When Hong Kong came under the rule of the Chinese authorities there were many in the financial markets who expressed concern about the long-term prospects. There was focus on Chinese human rights issues, the closed shop approach to some parts of the economy and general concerns about how focused economic decisions would be on Hong Kong. Just a few months ago we started to see a reduction in economic growth across China, property prices began to stagnate and investors started to look elsewhere.
Over the last few weeks we have seen a significant reduction in demand for Hong Kong property with many putting this down to the domino effect from the Chinese economic downturn. Historically Hong Kong has been seen as a “premium real estate market” but this premium tag would seem to be in great danger in the short to medium term.
Forecast real estate performance
Some experts are predicting a fall of up to 40% in the value of Hong Kong property in the medium term. While this would seem to be rather excessive it is based on the so-called affordability factor which investors are starting to take notice of. An analyst at Deutsche bank has suggested that in order for the affordability ratio to return to the long-term sustainable level of 50% there would need to be reduction in residential property values in the region of 32%. What seems to make sense in theory does not always make sense in practice although it is certainly a different angle from that seen in the past!
It goes without saying that property developers do best when markets are buoyant, demand is high and prices are rising. This encourages forwardthinking by real estate developers and adds significant structure to markets. There are concerns that property developers with exposure to Hong Kong could see their annual earnings hit by anything up to 3% in the short to medium term. While this may not seem excessive let’s not forget that the Hong Kong real estate market has been fairly buoyant for some time. If the tide is turning and demand is falling this could be the start of a correction which would obviously impact the profitability of property developers with exposure to the area.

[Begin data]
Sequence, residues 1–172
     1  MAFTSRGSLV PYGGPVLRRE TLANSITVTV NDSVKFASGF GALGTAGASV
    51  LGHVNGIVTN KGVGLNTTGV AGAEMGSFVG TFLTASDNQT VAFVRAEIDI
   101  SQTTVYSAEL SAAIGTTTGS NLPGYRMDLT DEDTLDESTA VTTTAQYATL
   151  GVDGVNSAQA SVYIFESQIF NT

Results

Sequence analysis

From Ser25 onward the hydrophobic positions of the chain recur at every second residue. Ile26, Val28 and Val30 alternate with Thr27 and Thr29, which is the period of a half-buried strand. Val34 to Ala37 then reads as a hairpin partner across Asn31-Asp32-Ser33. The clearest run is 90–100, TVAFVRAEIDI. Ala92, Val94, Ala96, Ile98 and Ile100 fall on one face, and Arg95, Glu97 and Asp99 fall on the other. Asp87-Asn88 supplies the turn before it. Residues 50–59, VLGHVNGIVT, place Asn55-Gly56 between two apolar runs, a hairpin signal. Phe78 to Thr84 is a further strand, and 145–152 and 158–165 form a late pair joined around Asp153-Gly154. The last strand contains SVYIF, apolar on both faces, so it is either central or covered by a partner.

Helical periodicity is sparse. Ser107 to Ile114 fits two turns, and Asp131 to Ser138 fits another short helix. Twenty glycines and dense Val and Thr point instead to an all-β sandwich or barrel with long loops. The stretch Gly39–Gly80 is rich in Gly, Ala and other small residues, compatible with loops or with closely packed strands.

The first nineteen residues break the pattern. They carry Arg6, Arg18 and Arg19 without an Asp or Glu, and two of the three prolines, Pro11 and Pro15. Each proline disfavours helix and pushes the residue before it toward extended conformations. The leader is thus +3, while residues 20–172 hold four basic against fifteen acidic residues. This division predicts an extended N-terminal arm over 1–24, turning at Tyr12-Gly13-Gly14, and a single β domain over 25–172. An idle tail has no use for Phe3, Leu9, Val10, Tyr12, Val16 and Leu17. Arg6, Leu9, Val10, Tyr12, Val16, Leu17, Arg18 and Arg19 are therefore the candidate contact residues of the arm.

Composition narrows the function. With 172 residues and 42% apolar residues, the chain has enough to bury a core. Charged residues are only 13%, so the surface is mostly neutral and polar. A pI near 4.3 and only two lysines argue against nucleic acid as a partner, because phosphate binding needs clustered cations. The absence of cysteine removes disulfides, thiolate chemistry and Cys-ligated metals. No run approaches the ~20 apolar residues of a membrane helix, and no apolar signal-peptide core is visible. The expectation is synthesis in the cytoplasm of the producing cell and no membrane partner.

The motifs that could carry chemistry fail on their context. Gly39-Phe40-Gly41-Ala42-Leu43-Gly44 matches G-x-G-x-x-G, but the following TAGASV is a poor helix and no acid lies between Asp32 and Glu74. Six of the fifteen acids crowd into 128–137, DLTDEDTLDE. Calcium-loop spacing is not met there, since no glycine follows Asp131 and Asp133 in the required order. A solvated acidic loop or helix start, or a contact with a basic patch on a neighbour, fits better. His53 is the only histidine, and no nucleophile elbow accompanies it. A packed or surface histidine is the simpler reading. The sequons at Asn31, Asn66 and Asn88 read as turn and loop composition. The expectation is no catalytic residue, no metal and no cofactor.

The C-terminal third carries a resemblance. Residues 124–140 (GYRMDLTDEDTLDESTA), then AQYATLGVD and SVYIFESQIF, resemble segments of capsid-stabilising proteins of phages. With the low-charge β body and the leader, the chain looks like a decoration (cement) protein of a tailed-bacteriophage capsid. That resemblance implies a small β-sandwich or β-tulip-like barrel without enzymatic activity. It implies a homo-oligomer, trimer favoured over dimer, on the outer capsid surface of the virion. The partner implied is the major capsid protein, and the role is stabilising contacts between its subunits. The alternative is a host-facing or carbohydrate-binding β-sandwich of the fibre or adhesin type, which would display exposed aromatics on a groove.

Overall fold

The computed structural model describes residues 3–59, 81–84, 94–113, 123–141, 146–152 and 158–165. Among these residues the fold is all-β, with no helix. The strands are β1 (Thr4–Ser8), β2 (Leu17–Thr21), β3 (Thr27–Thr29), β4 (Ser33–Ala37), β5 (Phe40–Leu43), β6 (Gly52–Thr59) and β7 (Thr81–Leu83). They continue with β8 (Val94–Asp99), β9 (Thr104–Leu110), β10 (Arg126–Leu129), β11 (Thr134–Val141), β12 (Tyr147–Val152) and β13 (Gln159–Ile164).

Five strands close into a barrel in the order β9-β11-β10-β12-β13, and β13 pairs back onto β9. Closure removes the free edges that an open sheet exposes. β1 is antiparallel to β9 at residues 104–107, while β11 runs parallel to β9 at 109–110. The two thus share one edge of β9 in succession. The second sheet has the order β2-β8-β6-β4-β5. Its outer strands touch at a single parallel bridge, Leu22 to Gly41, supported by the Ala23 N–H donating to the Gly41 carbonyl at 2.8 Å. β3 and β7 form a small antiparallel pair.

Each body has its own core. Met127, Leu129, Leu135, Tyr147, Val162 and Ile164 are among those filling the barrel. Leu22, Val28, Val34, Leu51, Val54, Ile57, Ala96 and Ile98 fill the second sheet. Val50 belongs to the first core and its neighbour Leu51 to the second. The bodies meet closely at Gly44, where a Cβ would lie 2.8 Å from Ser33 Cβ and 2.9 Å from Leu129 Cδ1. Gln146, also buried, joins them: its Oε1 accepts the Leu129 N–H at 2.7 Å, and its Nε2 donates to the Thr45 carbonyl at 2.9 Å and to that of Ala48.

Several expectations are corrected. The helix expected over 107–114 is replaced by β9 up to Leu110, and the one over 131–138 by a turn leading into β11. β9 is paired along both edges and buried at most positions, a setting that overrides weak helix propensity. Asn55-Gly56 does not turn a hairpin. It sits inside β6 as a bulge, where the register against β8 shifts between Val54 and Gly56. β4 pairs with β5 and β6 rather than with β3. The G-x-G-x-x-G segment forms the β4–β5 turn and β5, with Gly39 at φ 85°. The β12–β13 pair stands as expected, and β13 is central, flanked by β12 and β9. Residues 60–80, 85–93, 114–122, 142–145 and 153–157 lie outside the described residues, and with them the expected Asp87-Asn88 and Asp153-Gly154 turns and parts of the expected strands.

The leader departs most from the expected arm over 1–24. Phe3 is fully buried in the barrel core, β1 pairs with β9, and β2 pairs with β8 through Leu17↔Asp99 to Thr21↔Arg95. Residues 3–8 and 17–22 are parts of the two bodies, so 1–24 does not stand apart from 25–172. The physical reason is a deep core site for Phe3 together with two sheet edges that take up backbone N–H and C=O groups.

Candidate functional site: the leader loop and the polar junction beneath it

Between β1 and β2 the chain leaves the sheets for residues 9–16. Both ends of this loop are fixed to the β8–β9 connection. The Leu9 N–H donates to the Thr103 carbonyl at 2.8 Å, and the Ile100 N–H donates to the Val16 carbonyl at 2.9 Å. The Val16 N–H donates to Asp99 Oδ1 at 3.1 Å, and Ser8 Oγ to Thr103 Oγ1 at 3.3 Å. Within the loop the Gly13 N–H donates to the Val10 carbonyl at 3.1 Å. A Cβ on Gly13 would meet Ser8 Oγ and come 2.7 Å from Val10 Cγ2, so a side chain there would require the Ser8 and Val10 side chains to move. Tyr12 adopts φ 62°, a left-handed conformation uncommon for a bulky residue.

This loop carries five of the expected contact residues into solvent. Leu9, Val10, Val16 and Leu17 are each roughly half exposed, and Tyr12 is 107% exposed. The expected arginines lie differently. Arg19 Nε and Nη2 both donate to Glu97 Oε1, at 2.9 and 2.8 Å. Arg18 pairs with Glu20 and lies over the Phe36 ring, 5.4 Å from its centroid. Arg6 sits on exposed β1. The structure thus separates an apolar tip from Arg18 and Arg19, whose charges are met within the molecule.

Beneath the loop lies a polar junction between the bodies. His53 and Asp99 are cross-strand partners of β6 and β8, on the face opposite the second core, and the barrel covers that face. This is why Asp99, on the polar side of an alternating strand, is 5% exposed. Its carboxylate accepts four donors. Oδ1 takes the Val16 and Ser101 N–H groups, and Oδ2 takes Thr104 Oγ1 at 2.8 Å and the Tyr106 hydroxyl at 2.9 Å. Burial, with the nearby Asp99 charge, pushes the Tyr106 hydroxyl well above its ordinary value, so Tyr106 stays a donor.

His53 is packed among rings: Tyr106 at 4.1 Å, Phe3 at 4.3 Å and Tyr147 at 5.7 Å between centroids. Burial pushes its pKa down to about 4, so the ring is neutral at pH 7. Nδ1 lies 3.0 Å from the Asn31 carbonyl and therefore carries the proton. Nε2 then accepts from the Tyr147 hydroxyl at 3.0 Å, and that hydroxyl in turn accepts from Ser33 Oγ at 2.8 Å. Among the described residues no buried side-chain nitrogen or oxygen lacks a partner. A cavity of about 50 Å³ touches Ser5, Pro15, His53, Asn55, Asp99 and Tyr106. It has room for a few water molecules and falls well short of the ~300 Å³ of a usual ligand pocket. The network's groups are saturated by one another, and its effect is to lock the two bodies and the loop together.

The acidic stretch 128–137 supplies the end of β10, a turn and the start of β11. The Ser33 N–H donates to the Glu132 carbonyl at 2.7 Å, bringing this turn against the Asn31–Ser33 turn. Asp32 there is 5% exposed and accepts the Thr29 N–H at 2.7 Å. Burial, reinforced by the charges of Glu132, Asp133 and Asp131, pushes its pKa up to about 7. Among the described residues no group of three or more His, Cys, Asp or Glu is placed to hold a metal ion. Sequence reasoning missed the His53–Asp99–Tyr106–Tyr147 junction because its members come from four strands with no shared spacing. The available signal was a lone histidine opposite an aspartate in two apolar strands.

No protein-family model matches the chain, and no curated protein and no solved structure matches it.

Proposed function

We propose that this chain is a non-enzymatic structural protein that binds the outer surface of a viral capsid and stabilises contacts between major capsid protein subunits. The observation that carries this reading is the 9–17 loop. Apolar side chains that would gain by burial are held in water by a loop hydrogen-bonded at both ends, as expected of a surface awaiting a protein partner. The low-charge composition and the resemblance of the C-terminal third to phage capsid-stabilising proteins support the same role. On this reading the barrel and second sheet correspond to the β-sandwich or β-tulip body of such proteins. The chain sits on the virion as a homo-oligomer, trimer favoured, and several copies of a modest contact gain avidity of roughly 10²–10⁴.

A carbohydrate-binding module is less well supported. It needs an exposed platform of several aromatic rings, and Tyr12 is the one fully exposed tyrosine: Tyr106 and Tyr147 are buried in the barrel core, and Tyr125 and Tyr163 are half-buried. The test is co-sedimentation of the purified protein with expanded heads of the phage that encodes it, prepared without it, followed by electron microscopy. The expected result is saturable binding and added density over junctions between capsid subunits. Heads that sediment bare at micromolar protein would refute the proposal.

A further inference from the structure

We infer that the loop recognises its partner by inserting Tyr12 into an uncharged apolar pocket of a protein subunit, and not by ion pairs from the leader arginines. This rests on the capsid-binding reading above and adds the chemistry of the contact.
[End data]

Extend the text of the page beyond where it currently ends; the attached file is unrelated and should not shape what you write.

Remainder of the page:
It is also estimated that investor funds could take a 4% hit from the Hong Kong real estate downturn which could again be the start of a difficult period. When you bear in mind that some investors look towards Hong Kong as something of a safe haven, as it was seen in years gone by, this potential 4% hit in short to medium term earnings will surprise many. There is also the danger that investors could start to panic and withdraw funds from real estate investment trusts.
While statistics are obviously important when valuing any investment market a major element which is often overlooked is investor sentiment.
In the good times property developers have no problem acquiring debt to finance their future developments. When there is significant demand it is fairly easy to project cash flow going forward which will cover interest and capital repayments on debt. Indeed, we have seen many developers creating much sought after real estate assets and selling them on for a significant return. However, many developers in the Hong Kong region have racked up large debts in recent times and there could be trouble brewing.
If worldwide interest rates begin to rise, real estate demand continues to fall then there will be a reduction in cash flow going forward and an increase in interest payments. Maybe not the doomsday scenario many are portraying but certainly challenging times for the Far East property market.